Sunday, August 9, 2009

Chronic stress and its effects on brain plasticity

Stress typically indicates a demand to adapt to challenges found in everyday life. However, when the stress is uncontrollable, unpredictable, and chronic it can increase the brain's vulnerability to disease.

Dagyte et al. over at the University of Groningen investigated the effects of acute and chronic foot-shock stress on neural plasticity by using hippocampal cell proliferation and neurogenesis data collected from rats. They found that repeated, but not acute exposure to foot-shock stress caused a temporary suppression of Ki-67-positive cell proliferation in the dentate gyrus and a reduction in DCX expression.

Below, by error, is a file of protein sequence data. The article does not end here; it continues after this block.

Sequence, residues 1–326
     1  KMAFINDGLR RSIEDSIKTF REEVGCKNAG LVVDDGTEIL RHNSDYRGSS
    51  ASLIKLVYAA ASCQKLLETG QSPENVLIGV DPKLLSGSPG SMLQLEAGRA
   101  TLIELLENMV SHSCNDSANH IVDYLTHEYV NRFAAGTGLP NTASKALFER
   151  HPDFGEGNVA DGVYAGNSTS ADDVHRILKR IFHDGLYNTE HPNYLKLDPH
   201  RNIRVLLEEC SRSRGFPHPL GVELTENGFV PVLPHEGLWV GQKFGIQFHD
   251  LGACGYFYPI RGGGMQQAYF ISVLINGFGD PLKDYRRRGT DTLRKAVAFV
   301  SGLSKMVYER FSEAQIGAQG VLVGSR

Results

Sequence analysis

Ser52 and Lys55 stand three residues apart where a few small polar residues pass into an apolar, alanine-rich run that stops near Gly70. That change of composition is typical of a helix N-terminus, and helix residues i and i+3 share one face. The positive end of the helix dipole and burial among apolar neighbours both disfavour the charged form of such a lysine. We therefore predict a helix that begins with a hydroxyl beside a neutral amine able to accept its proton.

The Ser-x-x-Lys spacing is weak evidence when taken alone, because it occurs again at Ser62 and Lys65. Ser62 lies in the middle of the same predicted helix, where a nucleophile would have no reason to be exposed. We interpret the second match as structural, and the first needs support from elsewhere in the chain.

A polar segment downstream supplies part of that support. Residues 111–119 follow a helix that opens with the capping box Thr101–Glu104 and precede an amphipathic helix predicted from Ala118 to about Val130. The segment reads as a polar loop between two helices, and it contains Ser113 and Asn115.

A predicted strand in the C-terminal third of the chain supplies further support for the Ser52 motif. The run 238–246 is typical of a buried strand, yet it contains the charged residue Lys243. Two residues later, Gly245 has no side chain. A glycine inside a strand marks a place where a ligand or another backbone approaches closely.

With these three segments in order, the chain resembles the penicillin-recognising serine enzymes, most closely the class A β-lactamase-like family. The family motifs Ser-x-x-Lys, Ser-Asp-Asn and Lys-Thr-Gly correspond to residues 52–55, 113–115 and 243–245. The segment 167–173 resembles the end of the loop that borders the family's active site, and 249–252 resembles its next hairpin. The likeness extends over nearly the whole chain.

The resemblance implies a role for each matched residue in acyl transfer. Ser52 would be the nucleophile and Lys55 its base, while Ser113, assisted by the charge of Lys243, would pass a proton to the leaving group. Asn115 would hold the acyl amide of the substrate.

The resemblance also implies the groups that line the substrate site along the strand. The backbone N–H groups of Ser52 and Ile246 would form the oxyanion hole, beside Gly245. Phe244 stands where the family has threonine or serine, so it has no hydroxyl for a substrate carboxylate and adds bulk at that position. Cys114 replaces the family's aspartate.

The authors suggest that a long-term accumulation of the stressors effects on hippocampal cell proliferation may ultimately compromise hippocampal circuitry. So make sure to stay away from chronic stress if you love your hippocampus and all the important things it does for you.

Dagyte G, Van der Zee EA, Postema F, Luiten PG, Den Boer JA, Trentani A, & Meerlo P (2009). Chronic but not acute foot-shock stress leads to temporary suppression of cell proliferation in rat hippocampus. Neuroscience, 162 (4), 904-13 PMID: 19482059

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